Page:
SUMMARY: Successfully orchestrated the bankruptcy sale of Adelphia Communications' former corporate headquarters in Coudersport, Pennsylvania.
CHALLENGE: After initially selling over 60 properties for Adelphia Communications Corporation in a groundbreaking U.S. Bankruptcy Court-ordered online auction campaign, LFC was tasked with an even tougher challenge: conducting an online auction for Adelphia's infamous corporate headquarters in central Pennsylvania. Better known as the "Taj Mahal" of small-town Coudersport, this last remaining icon of Adelphia's empire was an ornate 72,000 square foot office building. Built in an era of corporate excess and extravagant opulence, the building featured cherry paneling, parquet hickory wood floors, granite pillars, Palladian windows and even heated exterior sidewalks. When Adelphia Communications Corporation collapsed into bankruptcy in 2002, the building was listed for sale by a well known national commercial property brokerage company, whose four year effort to find a buyer for this remote building proved unsuccessful. Adelphia subsequently chose the LFC Group of Companies to conduct an online auction campaign in the summer of 2007.
IMPLEMENTATION: The extensive media coverage surrounding Adelphia's controversial bankruptcy and ensuing corporate scandal gave LFC a valuable edge in the public relations and marketing campaign. As a result, the auction was covered by several major news organizations, including the Associated Press, Bloomberg News and the New York Times. LFC also embarked on an extensive advertising campaign, placing ads nationally and internationally in publications like the Wall Street Journal, Global Edition; USA Today; the Washington Post and Business Journals in several major US cities. Over the course of the 90-day campaign, the tremendous media exposure produced over 15,000 visitors to the auction web page, as well as 600+ registrations, 100+ financial prequalifications, 42 individual property tours and 12 bidders who had each tendered $100,000 bid deposits. After 20 days of a day-to-day Last Call® bidding war, the auction ended with a high bid of $3.2 million.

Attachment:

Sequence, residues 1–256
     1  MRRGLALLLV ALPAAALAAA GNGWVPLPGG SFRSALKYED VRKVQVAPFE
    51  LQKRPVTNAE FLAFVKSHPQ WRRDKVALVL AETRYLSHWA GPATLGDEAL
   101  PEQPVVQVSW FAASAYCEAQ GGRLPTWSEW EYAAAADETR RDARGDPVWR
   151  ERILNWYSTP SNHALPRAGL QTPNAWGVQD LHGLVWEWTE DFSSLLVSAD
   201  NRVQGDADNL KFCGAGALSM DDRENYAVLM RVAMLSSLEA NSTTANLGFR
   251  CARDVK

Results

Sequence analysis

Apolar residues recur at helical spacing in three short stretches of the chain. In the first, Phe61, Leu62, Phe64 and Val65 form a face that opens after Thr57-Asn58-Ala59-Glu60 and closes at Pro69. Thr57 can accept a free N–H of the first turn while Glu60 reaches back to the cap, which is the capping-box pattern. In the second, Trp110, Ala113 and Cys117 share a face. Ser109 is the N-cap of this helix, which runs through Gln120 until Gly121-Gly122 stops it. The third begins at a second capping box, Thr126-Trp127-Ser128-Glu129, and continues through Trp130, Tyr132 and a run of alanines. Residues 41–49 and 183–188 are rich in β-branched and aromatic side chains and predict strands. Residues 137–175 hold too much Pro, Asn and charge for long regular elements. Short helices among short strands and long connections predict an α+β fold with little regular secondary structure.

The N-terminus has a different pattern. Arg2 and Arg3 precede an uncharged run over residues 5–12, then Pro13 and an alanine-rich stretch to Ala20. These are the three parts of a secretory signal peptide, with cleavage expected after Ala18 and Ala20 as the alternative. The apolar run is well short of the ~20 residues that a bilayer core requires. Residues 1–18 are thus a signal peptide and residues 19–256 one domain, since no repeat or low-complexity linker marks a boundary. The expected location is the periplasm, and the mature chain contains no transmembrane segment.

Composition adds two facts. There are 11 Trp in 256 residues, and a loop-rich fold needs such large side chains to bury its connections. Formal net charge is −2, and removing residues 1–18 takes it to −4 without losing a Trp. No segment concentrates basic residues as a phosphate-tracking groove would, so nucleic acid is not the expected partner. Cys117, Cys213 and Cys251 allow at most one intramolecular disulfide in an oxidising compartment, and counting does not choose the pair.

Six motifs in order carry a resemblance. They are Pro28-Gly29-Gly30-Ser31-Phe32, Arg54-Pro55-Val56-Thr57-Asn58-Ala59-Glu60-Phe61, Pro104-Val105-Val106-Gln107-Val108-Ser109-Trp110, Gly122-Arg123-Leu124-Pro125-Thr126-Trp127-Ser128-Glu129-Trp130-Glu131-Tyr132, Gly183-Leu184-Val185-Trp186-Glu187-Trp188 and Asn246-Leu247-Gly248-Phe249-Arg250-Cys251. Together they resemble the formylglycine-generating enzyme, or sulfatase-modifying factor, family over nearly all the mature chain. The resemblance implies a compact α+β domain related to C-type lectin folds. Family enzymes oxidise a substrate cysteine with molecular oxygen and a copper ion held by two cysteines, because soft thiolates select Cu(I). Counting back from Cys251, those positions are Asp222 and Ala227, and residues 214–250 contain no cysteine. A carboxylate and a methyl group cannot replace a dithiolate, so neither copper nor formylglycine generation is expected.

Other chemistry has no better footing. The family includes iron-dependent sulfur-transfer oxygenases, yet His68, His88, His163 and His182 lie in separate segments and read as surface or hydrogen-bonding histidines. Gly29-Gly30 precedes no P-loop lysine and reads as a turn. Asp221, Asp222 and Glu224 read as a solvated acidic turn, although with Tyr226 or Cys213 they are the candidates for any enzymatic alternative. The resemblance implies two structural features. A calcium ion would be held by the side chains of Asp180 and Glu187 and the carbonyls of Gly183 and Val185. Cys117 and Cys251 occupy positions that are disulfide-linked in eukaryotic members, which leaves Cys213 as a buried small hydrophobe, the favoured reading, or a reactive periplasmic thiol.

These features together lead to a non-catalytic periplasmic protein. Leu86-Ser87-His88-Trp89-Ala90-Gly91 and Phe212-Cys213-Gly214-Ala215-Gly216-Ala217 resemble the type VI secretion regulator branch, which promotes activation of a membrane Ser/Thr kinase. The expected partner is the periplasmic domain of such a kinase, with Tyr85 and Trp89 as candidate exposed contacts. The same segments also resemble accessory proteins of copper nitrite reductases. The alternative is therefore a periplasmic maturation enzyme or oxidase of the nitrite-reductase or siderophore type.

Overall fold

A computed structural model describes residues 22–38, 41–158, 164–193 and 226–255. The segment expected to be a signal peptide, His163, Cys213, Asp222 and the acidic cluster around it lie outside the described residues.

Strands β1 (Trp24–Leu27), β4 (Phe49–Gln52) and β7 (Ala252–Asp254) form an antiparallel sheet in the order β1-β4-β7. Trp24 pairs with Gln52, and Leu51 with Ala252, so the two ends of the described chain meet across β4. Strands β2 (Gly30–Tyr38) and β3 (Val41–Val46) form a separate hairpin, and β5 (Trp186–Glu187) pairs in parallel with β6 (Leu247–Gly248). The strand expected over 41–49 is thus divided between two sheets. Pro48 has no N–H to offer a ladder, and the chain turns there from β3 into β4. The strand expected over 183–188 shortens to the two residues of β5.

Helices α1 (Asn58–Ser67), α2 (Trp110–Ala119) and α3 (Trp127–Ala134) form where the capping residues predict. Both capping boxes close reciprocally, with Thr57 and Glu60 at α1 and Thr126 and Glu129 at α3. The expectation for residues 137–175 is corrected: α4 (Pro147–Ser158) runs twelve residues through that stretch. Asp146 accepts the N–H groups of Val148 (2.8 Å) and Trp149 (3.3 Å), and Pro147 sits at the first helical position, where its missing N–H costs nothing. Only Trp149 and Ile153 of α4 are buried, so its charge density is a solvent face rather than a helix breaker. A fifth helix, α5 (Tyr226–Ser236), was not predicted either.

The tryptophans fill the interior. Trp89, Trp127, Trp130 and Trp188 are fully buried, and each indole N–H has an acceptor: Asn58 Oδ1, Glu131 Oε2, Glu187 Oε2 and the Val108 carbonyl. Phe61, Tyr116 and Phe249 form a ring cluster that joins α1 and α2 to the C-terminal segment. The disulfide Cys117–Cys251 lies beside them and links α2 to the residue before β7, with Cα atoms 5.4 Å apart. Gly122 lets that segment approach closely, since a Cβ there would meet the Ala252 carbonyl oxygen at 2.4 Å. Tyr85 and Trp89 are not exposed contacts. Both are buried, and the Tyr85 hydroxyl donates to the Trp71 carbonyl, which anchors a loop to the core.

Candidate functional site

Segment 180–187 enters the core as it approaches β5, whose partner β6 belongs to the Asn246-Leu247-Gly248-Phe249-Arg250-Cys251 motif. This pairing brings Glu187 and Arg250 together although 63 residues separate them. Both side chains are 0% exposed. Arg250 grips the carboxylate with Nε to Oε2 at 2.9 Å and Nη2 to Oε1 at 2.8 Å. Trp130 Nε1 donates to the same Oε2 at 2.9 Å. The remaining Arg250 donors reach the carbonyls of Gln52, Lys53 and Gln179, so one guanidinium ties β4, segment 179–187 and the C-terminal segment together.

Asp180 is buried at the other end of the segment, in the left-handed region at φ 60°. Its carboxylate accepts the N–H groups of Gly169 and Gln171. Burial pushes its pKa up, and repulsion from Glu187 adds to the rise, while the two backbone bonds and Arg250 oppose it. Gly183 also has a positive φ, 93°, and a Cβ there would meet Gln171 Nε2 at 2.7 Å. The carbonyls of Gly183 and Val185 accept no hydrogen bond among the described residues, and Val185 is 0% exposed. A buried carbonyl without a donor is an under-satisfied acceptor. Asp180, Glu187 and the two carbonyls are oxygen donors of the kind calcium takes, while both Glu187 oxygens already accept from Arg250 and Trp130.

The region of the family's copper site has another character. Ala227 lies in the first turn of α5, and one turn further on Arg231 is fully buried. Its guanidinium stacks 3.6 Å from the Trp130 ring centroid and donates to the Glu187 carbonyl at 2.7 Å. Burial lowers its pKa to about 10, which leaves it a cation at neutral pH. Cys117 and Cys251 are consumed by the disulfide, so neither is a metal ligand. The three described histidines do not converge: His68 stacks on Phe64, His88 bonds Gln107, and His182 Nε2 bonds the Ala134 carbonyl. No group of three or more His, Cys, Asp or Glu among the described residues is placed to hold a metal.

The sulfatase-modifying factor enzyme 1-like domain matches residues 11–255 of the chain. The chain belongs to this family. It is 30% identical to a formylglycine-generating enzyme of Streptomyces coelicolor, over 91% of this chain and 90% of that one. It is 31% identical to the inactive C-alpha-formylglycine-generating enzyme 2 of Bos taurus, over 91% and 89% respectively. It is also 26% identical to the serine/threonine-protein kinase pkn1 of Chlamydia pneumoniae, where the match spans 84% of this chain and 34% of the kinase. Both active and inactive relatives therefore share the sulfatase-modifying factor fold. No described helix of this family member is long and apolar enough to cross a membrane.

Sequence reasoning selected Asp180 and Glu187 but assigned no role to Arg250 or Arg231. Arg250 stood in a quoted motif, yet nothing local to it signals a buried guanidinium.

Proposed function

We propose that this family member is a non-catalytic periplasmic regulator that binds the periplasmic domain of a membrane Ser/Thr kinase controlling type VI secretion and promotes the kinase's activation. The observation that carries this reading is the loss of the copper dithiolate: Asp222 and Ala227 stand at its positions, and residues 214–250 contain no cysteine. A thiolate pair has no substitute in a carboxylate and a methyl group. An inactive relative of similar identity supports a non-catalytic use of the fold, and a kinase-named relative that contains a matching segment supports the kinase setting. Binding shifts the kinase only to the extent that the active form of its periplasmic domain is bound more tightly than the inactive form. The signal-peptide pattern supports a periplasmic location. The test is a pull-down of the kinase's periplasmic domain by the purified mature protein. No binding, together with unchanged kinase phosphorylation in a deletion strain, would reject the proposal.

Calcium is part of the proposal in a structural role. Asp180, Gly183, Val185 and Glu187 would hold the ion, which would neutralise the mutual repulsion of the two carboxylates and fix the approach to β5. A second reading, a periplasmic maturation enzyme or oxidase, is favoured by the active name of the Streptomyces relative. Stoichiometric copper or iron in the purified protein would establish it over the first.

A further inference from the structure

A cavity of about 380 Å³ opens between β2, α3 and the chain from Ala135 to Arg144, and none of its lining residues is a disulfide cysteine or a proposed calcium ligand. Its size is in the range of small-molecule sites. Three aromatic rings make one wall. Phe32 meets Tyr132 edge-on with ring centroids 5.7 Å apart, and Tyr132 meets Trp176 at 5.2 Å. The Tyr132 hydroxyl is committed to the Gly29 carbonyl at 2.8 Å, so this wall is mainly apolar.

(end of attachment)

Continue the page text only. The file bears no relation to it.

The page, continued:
Shortly after the auction ended, the winning bidder, an investor from Mexico, defaulted on the purchase. Without skipping a beat, LFC quickly found a second buyer, a businessman from Northern Ireland who agreed to a purchase price of $3.4 million. The buyer wired the required funds to a Boston attorney; however, the sale soon became mired in scandal. The buyer's funds allegedly changed hands several times and were found much later by the FBI at a Miami airport, in cash, concealed in brown paper and plastic bags on a private jet bound for Venezuela.
Needless to say, the Irish buyer defaulted, and LFC put the building back on the online auction block in February of 2008 at a minimum bid of $3 million. After an intense two-week marketing campaign, with an additional week of day-to-day "Last Call" bidding, LFC found the third and final buyer, who closed the sale in mid-March with a final purchase price of $3.6 million.
|Bid Amount||Bidder||Bid Type||Date|
|$3,600,000||KLE140||Last Call Bid||2/20|
RESULTS: LFC successfully sold this challenging property by capitalizing on media interest and forging a global marketing campaign that brought in buyers from across the world.
CLIENTS & BROKERS WE’VE WORKED WITH
We’ve successfully auction marketed and sold real estate for large financial institutions,
government agencies, international brokerages, builders/developers and private sellers across the globe.